With the exception of sub-Saharan Africa, Latin America and the Caribbean spends less on infrastructure than any other world region. According to a World Bank report, however, the region should not spend more to boost development – it just needs to spend more wisely.
Direct Relief has contributed $32 million in medical resources for Colombia and Peru, where historic flooding and mudslides have killed hundreds of the region’s most vulnerable people and displaced hundreds of thousands more.
Costa Rica is one of the happiest and healthiest countries in the world, but is one of few in Latin America that is seeing an increase in income inequality. Experts at the U.N. Development Program say the growing income gap disproportionately impacts the country’s indigenous populations and other minorities.
The Disasters Emergency Committee said it raised £50 million in three weeks to support humanitarian aid for people in East Africa. While it is good news in the short term, there is concern that the constant cycle of these emergency appeals fails to help address underlying issues.
Education experts in Mexico met last week to discuss inequality, which they say will be the greatest challenge in reforming the country’s education system.
In war-torn countries across Africa and the Middle East, it is more dangerous to be a woman than to be a soldier. International organization Women for Women International works to empower these women in an effort to rebuild their lives, families and communities.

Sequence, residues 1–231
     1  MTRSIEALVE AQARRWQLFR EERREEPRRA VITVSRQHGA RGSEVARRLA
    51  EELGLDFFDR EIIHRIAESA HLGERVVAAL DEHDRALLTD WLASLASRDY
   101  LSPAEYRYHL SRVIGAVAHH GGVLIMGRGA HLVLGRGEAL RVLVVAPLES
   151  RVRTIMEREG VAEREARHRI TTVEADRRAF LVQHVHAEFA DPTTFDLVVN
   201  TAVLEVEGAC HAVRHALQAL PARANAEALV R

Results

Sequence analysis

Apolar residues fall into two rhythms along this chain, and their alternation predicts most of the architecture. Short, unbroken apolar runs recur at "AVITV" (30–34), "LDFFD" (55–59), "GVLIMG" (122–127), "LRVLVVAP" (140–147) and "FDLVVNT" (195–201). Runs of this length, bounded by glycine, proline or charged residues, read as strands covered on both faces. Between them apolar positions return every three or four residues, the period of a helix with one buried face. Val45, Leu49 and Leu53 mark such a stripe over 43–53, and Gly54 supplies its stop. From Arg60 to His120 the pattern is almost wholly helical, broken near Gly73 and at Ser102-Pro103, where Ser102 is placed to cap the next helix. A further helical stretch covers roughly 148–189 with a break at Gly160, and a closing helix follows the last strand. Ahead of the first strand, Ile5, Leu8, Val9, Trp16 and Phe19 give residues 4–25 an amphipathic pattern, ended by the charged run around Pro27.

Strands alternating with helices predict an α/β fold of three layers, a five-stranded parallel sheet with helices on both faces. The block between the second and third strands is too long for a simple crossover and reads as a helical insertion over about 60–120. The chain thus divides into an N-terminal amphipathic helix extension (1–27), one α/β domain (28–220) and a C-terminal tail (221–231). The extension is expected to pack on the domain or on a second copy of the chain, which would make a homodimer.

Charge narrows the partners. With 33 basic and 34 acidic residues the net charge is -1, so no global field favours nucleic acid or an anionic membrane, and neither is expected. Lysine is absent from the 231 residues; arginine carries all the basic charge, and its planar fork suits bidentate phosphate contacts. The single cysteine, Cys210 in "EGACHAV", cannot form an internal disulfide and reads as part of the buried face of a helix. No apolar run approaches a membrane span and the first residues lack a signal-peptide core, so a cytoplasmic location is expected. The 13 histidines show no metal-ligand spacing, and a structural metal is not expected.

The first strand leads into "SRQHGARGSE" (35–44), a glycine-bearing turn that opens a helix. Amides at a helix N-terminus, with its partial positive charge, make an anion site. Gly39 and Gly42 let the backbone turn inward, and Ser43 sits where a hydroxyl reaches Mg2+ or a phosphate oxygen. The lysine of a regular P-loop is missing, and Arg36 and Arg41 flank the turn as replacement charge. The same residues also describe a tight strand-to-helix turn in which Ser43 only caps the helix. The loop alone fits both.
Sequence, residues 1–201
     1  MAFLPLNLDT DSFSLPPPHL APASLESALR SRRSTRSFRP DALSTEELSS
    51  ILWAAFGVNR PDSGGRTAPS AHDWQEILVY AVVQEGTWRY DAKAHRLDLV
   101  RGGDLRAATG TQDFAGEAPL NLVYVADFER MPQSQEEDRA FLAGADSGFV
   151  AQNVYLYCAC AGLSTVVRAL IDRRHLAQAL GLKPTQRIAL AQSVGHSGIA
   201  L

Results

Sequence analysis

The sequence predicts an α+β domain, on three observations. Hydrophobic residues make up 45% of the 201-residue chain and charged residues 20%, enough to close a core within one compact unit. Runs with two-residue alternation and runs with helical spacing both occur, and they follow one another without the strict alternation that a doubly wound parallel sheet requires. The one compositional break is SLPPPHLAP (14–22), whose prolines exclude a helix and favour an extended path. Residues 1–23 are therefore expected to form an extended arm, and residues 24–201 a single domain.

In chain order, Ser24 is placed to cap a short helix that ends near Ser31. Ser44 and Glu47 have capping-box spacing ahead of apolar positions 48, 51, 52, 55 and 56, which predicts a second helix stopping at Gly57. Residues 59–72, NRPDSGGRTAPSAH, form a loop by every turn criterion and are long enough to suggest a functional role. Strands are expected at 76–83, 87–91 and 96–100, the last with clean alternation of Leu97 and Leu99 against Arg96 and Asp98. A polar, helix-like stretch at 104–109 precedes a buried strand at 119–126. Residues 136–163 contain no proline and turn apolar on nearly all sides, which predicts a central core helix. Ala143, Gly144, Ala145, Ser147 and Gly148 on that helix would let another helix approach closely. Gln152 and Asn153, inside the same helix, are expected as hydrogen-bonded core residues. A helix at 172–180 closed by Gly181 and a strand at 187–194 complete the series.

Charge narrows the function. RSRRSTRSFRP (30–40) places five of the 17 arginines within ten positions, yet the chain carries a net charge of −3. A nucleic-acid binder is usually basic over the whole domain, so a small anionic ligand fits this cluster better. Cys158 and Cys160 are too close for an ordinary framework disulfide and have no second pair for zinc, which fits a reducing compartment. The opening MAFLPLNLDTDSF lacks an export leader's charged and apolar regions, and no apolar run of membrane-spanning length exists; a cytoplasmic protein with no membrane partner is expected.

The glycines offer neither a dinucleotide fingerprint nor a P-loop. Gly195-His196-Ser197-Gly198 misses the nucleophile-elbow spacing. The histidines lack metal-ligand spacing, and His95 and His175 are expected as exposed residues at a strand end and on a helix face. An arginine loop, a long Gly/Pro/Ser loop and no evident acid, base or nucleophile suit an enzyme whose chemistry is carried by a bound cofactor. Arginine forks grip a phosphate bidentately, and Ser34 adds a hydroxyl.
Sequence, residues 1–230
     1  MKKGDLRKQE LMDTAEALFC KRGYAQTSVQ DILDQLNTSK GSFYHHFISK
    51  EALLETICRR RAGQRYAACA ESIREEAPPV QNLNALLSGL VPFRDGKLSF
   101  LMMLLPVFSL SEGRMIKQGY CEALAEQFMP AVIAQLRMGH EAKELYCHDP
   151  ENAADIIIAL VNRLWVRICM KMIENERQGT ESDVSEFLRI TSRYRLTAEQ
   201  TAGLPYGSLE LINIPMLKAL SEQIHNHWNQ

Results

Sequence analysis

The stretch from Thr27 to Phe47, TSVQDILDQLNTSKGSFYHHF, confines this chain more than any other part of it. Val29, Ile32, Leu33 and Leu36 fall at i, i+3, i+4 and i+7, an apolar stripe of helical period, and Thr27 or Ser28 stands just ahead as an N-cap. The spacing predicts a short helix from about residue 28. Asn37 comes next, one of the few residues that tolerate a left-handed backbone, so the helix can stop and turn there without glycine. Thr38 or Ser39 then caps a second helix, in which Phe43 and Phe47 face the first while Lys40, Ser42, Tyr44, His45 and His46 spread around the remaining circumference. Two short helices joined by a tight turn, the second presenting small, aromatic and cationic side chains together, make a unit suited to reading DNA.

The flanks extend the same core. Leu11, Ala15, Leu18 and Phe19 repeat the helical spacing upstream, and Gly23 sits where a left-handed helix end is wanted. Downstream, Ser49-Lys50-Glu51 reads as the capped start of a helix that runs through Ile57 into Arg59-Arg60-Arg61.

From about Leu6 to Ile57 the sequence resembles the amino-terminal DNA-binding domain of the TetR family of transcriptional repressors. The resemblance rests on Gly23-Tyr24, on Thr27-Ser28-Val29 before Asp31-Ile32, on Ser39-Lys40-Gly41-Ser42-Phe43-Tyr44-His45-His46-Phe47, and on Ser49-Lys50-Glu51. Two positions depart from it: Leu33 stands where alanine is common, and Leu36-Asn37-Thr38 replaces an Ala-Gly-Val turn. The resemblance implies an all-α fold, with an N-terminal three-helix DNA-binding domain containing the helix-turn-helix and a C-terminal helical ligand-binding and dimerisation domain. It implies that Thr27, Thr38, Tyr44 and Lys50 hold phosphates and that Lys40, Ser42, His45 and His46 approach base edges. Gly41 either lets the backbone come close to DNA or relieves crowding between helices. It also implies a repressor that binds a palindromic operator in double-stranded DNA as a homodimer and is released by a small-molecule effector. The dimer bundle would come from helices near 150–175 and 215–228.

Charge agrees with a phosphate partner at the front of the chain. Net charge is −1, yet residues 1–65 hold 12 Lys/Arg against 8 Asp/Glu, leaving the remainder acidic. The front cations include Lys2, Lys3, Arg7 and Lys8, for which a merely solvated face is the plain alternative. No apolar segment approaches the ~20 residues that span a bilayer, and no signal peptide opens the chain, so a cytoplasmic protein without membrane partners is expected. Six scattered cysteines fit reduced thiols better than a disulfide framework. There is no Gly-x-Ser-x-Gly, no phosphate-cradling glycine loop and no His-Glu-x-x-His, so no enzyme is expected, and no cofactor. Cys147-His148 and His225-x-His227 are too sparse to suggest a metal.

An initial inquiry by the Australian government has found no evidence that an aid worker in the Gaza Strip diverted money to support Hamas. A review by the Department of Foreign Affairs and Trade does not clear Mohammad El Halabi of wrongdoing, and Australian government officials say they are waiting on the result of his trial.
Protesters poured into the streets of cities across Chile on Sunday to call for a repeal of the country’s privatized pension system, which they say benefits the rich while leaving the poor with a monthly pension below the minimum wage.
Months of record-breaking rainfall has prompted a humanitarian crisis in Peru, with some of the country’s poorest displaced from their homes and left vulnerable to hunger and illness.
India’s Prime Minister Narendra Modi promised the poor they would benefit from his surprise ban on 86 percent of the country’s currency in November. Now, nearly five months later, it seems the poor have made the shocking move work for themselves – and Modi – with the help of digital finance technology.